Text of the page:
More than 30 years later, it's understandable that the memories have faded some.
Ottawa's Julie Wilson does recall that while her father had to work that May day in 1977, her mother, brother and sister-in-law were in the Cessna Stadium stands when she set the Class 4A record in the long jump at the state track meet.
"I know it was a beautiful day," said Wilson, an ultrasound technician at a Veterans Administration hospital in St. Petersburg, Fla. "Other than that, it's been a long 33 years."
Her record leap of 18 feet, 7 1/4 inches still stands — it was tied in 1984 — and it's the longest-standing mark on the girls side of the Kansas track and field championships.
But it's not the only long-held record.
In fact, 59 of the 196 records in events that haven't changed in decades are at least 25 years old.
It's hard to pin down why so many records have lasted so long. Some, such as the Class 6A boys shot put record owned by Shawnee Mission South's Clint Johnson in 1980 (69 feet, 1 1/4 inches), are a matter of a gifted athlete setting the mark so far past anyone that it will take another amazing effort to top it.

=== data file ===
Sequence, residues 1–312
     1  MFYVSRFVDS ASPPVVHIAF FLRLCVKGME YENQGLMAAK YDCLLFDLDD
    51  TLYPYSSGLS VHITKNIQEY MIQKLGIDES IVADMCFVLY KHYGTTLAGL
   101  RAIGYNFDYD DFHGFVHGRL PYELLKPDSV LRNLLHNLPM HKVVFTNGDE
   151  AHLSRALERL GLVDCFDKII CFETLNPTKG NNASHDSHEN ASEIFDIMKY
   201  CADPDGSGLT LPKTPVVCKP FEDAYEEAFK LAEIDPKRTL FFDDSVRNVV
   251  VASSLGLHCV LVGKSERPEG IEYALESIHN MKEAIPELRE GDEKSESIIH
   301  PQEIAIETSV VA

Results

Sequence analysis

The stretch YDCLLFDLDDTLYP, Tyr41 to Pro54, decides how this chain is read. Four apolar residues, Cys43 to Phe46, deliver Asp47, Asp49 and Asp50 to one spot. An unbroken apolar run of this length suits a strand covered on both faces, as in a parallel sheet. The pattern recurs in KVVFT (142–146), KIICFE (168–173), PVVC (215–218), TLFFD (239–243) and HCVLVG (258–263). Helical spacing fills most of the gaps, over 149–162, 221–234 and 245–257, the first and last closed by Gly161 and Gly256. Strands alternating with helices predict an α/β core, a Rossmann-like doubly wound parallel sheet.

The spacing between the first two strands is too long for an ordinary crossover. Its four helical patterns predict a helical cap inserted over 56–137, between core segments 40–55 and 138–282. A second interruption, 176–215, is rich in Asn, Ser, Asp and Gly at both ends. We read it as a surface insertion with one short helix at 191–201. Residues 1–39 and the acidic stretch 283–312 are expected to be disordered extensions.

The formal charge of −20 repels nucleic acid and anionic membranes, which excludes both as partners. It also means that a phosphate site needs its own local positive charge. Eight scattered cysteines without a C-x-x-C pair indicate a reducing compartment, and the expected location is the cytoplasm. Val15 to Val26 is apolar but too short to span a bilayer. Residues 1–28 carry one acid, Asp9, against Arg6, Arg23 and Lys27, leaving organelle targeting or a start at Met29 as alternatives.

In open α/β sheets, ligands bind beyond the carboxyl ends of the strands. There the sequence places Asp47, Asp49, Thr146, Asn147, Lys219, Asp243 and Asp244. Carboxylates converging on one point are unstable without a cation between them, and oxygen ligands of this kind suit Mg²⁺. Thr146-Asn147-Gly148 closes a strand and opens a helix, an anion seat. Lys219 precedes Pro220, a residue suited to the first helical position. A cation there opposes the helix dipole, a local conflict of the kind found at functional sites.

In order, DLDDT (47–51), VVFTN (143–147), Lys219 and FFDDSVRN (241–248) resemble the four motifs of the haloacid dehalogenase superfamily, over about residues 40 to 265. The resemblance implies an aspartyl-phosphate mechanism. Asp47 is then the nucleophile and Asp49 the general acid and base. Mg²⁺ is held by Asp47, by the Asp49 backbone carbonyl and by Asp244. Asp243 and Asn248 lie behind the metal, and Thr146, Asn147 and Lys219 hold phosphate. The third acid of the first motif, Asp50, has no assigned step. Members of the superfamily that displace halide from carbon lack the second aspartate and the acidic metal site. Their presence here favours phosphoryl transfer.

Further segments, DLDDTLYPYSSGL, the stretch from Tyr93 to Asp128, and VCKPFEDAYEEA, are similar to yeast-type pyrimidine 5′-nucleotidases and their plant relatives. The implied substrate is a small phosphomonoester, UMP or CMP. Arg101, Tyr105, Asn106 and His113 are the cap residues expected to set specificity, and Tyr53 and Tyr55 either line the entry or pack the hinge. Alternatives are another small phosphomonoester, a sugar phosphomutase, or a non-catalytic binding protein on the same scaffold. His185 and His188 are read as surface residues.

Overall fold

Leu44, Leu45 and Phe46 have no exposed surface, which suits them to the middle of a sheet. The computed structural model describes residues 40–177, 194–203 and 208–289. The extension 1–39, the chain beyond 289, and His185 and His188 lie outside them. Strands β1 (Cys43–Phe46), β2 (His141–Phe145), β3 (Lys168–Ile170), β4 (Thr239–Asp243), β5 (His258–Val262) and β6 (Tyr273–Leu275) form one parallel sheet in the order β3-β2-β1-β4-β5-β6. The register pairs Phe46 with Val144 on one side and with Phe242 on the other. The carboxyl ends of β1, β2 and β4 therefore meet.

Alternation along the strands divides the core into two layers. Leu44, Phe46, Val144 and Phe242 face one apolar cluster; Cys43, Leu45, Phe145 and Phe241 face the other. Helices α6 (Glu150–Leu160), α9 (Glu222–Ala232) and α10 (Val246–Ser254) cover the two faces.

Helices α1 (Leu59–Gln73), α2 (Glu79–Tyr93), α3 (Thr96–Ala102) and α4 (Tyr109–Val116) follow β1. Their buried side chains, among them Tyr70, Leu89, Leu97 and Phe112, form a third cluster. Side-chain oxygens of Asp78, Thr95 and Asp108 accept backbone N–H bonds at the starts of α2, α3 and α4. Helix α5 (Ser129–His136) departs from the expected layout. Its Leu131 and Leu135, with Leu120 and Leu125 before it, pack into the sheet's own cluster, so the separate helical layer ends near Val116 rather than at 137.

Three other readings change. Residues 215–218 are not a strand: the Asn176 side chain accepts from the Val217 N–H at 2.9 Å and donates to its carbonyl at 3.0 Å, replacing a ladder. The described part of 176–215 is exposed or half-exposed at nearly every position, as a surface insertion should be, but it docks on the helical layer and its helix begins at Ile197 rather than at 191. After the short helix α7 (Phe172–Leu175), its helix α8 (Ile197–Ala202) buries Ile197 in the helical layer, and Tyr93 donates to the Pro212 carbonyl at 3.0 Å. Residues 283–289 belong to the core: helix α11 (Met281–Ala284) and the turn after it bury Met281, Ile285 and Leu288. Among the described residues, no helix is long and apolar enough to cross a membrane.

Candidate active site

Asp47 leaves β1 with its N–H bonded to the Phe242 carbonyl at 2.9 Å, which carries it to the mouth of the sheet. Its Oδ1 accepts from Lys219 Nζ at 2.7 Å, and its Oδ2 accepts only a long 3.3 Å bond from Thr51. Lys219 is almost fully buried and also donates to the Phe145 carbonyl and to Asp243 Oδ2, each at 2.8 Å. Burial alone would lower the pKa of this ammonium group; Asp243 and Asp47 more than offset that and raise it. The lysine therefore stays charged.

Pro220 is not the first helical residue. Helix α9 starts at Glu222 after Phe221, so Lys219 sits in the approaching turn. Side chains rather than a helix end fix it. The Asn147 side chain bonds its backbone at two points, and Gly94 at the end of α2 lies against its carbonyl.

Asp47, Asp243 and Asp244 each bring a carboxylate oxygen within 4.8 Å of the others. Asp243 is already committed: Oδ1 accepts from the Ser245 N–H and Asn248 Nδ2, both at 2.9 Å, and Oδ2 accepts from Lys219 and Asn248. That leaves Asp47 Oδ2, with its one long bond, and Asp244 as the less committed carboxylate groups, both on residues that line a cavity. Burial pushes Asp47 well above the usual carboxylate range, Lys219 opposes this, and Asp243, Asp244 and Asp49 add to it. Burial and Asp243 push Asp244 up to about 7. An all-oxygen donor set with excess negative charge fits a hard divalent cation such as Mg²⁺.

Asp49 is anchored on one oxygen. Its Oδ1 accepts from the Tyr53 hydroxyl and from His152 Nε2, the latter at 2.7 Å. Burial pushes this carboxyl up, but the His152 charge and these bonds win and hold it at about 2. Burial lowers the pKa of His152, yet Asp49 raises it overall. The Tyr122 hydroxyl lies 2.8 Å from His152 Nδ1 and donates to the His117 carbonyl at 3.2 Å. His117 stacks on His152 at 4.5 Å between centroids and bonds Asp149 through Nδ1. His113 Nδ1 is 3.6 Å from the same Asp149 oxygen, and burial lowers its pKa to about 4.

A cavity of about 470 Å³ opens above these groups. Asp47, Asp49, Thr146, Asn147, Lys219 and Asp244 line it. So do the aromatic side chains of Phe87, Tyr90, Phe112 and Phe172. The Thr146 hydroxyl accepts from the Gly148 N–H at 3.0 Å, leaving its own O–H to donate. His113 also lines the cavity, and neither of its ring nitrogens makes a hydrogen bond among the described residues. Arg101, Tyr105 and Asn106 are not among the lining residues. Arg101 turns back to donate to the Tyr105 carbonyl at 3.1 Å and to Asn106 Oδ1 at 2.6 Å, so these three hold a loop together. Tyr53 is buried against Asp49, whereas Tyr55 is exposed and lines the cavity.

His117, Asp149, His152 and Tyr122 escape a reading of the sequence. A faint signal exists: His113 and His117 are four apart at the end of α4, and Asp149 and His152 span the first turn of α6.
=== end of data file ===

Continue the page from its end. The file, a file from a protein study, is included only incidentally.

Most other records seem within reach, though, and are just waiting for the right athlete having the right day.
One longtime meet observer wonders if enough right athletes are getting their chance.
"With the additions of baseball, softball, girls soccer and swimming at a lot of schools, that has made a real difference," said Carol Swenson, the meet's historian and one of its public-address announcers.
"Track was the main sport in the spring 30 years ago. It's not as much now. There was also such a good group of coaches at that time. Very veteran but very progressive in the sport, too."
Dean Herzog was among the athletes who benefited in the 1970s. A high jumper from Lansing, he set the Class 4A meet record in the 1974 high jump at 7 feet, 1 3/4 inches.
Like Wilson, he doesn't remember a lot about the day. He does know it was a national record that stood for three years, and that it was around 100 degrees and he continually kept looking for shady spots.
"The only other thing I remember is that as they were raising the bar higher and higher, you could see the crowd moving down (the stands) toward that end," Herzog said.
Herzog, who later jumped for Nebraska, missed twice at 6-6 and was a miss from being eliminated. But he didn't miss again until three attempts at 7-3 1/4.